THE WATANABE NAME begins in Nagano, Japan in 2002, when Kenji Watanabe is informed that new information that could potentially uncover the person who murdered his father 35 years ago has been found. Kenji recalls the fateful day and then, eventually, his time in the Japanese military during World War II. Throughout the novel, the reader is able to slowly piece together a series of events that led to one man’s murder and another’s suicide, a slow burn that culminates in Kenji’s desire to protect his family’s name—at all costs.
The writing of THE WATANABE NAME is nearly flawless, allowing readers to lose themselves in a story where grammatical issues or confused storytelling is not a problem. The novel has a very polished feel, which makes it an enjoyable and professional read. In some instances, however, the author’s need to remind readers of what’s happening in the story, including what the character’s motivations are or which vital plot points they should remember, can become tiresome. Nobeyama’s work does not require a heavy hand that leads the reader to a conclusion or an understanding, so it would be beneficial to remove some of these instances of over-explanation.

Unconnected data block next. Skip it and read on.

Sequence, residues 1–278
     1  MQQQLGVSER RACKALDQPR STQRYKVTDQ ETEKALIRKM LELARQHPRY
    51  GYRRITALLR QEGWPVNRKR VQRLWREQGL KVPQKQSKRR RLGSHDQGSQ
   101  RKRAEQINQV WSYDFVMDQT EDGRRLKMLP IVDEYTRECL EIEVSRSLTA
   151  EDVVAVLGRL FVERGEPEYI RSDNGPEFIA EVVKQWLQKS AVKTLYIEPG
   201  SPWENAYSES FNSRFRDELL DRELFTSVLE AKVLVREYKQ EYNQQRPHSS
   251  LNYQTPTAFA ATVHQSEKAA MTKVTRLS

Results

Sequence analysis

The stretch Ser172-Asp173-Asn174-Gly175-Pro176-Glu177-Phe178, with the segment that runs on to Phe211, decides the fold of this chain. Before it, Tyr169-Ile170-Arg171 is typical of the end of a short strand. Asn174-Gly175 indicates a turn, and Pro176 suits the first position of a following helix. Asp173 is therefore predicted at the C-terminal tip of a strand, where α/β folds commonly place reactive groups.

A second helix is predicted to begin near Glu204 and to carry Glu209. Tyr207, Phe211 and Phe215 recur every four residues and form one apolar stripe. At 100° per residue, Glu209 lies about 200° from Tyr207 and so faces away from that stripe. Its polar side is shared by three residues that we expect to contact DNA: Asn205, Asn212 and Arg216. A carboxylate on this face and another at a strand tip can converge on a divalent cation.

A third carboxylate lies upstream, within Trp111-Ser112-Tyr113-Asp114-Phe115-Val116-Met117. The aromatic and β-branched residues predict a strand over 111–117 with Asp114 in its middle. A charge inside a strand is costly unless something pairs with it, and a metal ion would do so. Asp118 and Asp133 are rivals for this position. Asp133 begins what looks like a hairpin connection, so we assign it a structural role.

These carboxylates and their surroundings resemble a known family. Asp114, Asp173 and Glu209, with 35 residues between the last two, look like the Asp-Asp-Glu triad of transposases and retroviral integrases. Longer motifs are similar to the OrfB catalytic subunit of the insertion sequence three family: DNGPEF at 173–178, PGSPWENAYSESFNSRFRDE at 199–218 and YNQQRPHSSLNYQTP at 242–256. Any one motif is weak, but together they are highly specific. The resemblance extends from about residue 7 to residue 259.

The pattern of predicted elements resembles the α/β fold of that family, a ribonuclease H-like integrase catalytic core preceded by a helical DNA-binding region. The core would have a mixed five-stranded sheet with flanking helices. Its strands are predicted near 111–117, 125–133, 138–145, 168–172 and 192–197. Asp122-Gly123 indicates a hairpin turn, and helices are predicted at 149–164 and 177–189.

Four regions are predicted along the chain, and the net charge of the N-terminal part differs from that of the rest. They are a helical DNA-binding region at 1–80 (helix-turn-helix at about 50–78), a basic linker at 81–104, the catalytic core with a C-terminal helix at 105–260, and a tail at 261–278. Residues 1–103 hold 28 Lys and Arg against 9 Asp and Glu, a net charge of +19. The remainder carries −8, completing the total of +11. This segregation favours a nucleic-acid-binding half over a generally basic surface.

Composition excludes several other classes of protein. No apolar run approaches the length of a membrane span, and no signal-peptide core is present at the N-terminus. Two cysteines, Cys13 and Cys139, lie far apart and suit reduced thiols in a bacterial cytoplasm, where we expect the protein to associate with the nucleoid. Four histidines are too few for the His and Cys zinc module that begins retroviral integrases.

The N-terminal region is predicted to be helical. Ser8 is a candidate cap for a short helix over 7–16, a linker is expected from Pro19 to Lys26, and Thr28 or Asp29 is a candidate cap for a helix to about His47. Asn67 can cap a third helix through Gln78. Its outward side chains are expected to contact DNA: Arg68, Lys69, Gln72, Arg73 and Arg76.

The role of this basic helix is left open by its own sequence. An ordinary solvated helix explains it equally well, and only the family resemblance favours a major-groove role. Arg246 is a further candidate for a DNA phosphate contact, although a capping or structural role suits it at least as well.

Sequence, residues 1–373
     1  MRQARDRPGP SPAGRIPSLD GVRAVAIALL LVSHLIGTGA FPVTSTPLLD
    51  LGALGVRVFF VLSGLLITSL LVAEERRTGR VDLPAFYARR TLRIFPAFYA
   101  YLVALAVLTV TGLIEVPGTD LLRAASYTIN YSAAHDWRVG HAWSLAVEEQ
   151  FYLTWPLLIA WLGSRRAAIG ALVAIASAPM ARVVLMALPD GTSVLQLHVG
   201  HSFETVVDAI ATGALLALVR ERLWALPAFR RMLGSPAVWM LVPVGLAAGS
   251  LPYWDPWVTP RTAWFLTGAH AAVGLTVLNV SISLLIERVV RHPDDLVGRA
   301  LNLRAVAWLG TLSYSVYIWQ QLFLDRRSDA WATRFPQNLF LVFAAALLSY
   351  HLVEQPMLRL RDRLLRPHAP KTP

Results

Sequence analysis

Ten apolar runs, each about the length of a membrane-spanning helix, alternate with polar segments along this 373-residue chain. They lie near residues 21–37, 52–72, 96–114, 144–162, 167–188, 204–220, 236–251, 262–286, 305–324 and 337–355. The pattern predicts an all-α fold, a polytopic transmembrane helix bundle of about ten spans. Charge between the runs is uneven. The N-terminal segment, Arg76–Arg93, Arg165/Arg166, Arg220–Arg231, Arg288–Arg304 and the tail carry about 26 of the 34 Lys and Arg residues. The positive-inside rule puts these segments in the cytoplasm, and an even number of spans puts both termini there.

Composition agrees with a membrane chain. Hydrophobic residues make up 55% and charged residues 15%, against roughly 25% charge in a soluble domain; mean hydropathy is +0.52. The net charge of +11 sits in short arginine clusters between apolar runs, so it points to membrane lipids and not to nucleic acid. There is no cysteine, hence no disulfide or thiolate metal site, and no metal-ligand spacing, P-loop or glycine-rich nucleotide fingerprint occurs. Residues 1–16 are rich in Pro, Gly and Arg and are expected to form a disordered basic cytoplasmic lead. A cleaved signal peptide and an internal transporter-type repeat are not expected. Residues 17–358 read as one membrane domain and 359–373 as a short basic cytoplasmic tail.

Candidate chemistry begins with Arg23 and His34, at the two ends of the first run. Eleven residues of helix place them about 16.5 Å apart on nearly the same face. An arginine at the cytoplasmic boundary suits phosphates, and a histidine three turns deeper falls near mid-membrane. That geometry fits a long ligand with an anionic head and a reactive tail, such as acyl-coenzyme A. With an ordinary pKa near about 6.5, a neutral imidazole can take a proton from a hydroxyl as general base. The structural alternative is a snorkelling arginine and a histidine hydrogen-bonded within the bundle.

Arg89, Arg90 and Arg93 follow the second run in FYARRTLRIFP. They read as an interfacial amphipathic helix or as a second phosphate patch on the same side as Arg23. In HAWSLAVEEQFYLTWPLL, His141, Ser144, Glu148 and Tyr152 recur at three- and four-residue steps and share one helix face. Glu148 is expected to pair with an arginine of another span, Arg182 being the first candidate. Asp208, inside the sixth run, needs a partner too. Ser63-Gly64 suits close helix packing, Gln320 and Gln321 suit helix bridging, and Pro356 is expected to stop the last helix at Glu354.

The plot is captivating, and most readers who enjoy a tale of mystery and suspense threaded with family drama will continue to turn pages in order to find out the outcome. However, the book lags a bit when the reader is transported to the section set during WWII, perhaps because the author felt the need for unnecessary explanations and descriptions. In general, though, the book flows well and is an easy, unencumbered read.
One of the only real problems with the novel is that it includes several instances of the same character archetypes: absent or distant men and scheming, money-hungry women. Female characters often take a backseat to male characters in this novel, which is a shame since there are a few interesting female characters who aren’t reduced to the flaws listed above. However, these women are not given as much attention, characterization, and detail as the male characters.
THE WATANABE NAME is a nearly flawlessly well-written mystery with a captivating plot that offers a dark perspective on family unity.
~Julia Tilford for IndieReader